Gulf growth will demand legal back-up
Capital markets in the Gulf are rich with potential. The markets are developing rapidly, especially in the UAE, but international investors will only get involved once the requisite legal framework is in place. By Nigel Page
Where developments in Arab capital markets are concerned, it has all too often been a case of one step forward, two steps back.
Volatile oil prices and constraints on government spending have been encouraging Arab states to open up their economies to private and foreign investors. But the leisurely pace adopted owes much to the deep cash reserves of these oil-rich economies - and also to the need to support legal and regulatory structures.
Across the region, there continues to be a diversification in financing sources and a deepening in the domestic capital markets, as less reliance is placed on government funding, especially for infrastructure development.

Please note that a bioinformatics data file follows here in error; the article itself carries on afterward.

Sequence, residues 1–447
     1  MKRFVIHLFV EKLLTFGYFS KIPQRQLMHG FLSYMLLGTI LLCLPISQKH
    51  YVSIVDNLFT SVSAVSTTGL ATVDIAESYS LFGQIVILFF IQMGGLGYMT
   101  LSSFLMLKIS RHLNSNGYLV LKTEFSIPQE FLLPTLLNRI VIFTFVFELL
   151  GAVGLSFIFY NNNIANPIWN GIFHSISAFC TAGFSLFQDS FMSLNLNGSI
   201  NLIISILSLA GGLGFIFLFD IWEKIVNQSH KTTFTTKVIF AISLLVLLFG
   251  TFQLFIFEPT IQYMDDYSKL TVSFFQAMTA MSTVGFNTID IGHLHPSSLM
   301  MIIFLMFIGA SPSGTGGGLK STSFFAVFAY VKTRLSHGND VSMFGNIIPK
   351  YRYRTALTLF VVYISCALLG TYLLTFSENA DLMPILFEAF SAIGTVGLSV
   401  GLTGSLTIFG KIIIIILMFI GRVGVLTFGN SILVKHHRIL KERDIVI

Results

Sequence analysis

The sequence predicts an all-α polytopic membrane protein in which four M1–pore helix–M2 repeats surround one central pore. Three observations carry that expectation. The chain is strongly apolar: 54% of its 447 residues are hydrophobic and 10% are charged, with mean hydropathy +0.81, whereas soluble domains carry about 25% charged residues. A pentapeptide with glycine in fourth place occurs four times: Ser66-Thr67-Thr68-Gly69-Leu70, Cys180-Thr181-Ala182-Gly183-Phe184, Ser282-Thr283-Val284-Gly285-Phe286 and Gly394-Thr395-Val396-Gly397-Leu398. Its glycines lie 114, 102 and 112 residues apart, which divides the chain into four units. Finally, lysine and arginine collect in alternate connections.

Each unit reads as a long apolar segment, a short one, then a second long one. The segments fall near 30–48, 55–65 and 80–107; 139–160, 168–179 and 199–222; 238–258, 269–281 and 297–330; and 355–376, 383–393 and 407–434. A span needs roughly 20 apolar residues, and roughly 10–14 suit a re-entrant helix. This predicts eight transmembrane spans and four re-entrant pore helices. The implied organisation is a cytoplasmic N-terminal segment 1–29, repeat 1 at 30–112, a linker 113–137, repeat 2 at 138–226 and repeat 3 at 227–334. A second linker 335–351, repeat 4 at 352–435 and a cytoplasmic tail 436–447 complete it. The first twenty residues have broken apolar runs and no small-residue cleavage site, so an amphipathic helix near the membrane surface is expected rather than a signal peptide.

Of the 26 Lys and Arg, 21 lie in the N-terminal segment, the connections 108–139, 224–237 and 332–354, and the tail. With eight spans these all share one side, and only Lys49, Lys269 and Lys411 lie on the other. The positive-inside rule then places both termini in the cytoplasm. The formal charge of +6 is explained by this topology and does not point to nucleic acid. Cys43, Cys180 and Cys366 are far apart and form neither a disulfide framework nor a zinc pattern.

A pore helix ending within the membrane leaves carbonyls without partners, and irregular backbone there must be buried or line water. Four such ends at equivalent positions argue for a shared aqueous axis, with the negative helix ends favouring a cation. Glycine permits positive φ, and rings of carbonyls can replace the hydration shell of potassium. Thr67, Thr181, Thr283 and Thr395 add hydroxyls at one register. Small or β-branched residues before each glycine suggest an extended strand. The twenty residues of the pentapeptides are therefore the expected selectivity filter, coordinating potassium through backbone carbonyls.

Demographic changes and industrial diversification are encouraging governments to look outside the region - increasingly, in the wake of the Taweelah power station privatization in Abu Dhabi, to the private sector.
Across the whole Arab world, the number of working capital markets has risen from five a decade ago, to 11 today and Gulf markets, which have, up to this point, been generally off-limits to foreigners, are now becoming increasingly aware of the need to attract both foreign and domestic capital.